One of the best things I ever wrote was a column in my high school paper about hating Valentine’s Day. Fueled by all the angst of being 17 and never having had a boyfriend, I was downright inspired. If I may say so myself, the imagery was excellent. I may have mentioned that every January, pink and red displays pop up like pimples in stores, and stuffed animals “hang like convicts” over cash registers, begging shoppers to “Be Mine.” I painted a scene of a smoky room in which a conspiracy was born, hashed out between the DeBeers diamond people, the greeting card industry, Victoria’s Secret, Godiva, and an international flower-growers cartel, Valentine’s Day was born. I railed against a manufactured holiday, I exclaimed that love should be celebrated every day of the year, I complained that people without partners feel left out. That piece won me an award from the Arkansas Scholastic Press Association. It was all true.
And yet, a year later I met my true love, and a year after that, I had my first ever Valentine who wasn’t my dad. And now? Now I kinda like Valentine’s day. I like homemade cards with heartfelt inscriptions. One year Jon gave me a glittered drawing of a train that said “I Choo Choo Choose You,” just like the card Lisa received on The Simpsons. For our first Valentine’s in Charleston, he drew me a picture of Rainbow Row and thanked me for coming here with him. I like thoughtful gifts, the smaller and sillier the better. One year, Jon gave me a packet of zinnia seeds, knowing they were my favorite flowers, but unable to find any live ones in stores. That packet of seeds made me happier than any bouquet could have, and I planted them, and grew many, many bouquets. I also like excuses to go out to a rare fancy dinner (one of our favorite places here in Charleston is FIG, you should try it). And really, beyond that, I try to avoid the manufactured-ness of corporate Valentine’s Day. I want a homemade card, a thoughtful gift, if at all, and maybe a nice dinner, if at all. I want to wear red and act schmoopy and call my husband my Valentine. I don’t need any kisses that begin with Kay, thank you very much.
So what about my angsty self who used to rail against Hallmark Holidays? I wish I could tell 17 year old me to stop flipping out. Valentine’s Day wasn’t really for me, then. And that’s fine. But it’s not like my bitterness about the holiday ever helped me land a Valentine of my own. And it’s not like I was really that unhappy– I’m pretty sure I went and saw a chick flick with my best gal pals, and we laughed our heads off. There’s more than one kind of love worth celebrating on V-Day. This Wednesday I’ll be repeating the chick flick with the chicks tradition and seeing Valentine’s Day with my girlfriends at Cinebarre.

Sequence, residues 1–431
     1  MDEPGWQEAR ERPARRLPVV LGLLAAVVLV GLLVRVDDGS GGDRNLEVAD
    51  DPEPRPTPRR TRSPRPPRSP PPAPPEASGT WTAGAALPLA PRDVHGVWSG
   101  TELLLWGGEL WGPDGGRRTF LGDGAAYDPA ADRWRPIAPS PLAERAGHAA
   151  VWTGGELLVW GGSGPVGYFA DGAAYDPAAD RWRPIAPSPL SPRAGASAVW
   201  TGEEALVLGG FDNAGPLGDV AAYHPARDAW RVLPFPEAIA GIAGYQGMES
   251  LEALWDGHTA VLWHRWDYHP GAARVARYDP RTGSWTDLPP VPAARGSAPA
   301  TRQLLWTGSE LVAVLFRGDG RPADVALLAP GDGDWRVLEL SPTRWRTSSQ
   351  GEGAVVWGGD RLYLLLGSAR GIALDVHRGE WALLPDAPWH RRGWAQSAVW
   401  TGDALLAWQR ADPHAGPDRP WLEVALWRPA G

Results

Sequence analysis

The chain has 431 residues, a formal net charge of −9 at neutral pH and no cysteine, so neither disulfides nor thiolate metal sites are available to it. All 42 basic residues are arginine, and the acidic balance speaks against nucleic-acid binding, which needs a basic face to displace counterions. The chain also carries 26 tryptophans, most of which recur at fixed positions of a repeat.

In fact, there are lots of fun things to do if you’ve got no Valentine to call your own. Here in Charleston, you could see the Vagina Monologues at the College of Charleston, check out the Mellow Mushroom’s F-Cupid party, or go to the Valentine Sock Hop, get dolled up like a pinup and dance to some rockabilly with the Lowcountry High Rollers roller derby team (I secretly wish I could go to this event, but I’m pretty sure it’s not up my Valentine’s alley, and there will be burlesque dancers performing, so, not for us). As for me and my Valentine, I made him a card and a little surprise, and we’ll probably be staying in. Downtown restaurants will probably be insane since the big Southeastern Wildlife Exposition is in town, and I’m not in the mood to fight the camo-clad masses for a table.
Updated to Add: Check out this post on Redesigning Valentine’s Day. I agree with this part, to an extent:
Goal No. 1: Clarify expectations
Sorry single people, this day is not for you. Father’s Day isn’t for mothers and Mother’s Day isn’t for fathers… you have Spring Break, what else do you want?
Applies only to romantic love between two people, so if you want to celebrate friendship you will need to find another day.
Responsibility for displays of affection falls on both parties. Men screw up enough throughout the year to put the weight of a holiday on their shoulders.
On January 1st discuss with your partner whether you will celebrate Valentine’s Day. Sign a piece of paper if needed.